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  • Biologists discover giant crayfish species right under their noses

    It is unusual for aquatic biologists to miss a big species like Barbicambarus simmonsi. The population of this crayfish appears to be very sparse, however. Individuals were usually found under the biggest rocks in the deepest parts of a stream.

    It is unusual for aquatic biologists to miss a big species like Barbicambarus simmonsi. The population of this crayfish appears to be very sparse, however. Individuals were usually found under the biggest rocks in the deepest parts of a stream.

    Photo by L. Brian Stauffer

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      It is unusual for aquatic biologists to miss a big species like Barbicambarus simmonsi. The population of this crayfish appears to be very sparse, however. Individuals were usually found under the biggest rocks in the deepest parts of a stream.

      Photo by L. Brian Stauffer

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      "If you were an aquatic biologist and you had seen this thing, you would have recognized it as something really, really different and you would have saved it," said Chris Taylor, the curator of crustaceans at the Illinois Natural History Survey at the University of Illinois and co-discoverer of a new crayfish species.

      Photo by L. Brian Stauffer

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      For decades this region of Shoal Creek, where the new species was found, has been a hotspot for crayfish and the biologists who study them.

      Photo by Guenter Schuster

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      The new species, Barbicambarus simmonsi (left) is more than twice the size of a typical crayfish found in the same creek -- and yet generations of aquatic biologists somehow missed it.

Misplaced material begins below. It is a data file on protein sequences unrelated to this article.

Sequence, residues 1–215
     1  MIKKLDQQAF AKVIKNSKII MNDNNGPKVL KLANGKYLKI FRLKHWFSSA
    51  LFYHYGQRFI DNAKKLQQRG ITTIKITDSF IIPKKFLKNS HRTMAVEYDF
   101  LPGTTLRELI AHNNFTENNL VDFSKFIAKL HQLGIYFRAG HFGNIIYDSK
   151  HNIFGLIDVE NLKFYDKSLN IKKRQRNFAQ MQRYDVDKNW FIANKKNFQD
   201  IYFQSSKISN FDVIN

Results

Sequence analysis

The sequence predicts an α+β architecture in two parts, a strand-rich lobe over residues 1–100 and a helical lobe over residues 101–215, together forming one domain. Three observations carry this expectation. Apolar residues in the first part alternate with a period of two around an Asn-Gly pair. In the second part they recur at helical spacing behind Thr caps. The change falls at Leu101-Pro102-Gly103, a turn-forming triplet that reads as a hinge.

Photo by L. Brian Stauffer

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      The discovery of an unusual new crayfish species in the southeast United States shows that biodiversity studies in the U.S. still have far to go, said Guenter Schuster, a co-discoverer of the new species, Barbicambarus simmonsi.

      Photo courtesy Guenter Schuster

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      The crayfish genus Barbicambarus is known for its densely "bearded" antennae.

      Photo by L. Brian Stauffer

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      Researchers set up a seine downstream of an area of interest and then flip rocks and disturb the sediment to see what washes into the net. Here, University of Illinois biologist Chris Taylor and Emily Hartfield seine in the Buttahatchee River, in Marion County, Alabama.

      Photo by Guenter Schuster

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      The "bearded" setae on the antennae, bright red highlights and aquamarine tail fins add to the distinctiveness of the new species, Barbicambarus simmonsi.

      Photo courtesy Carl Williams

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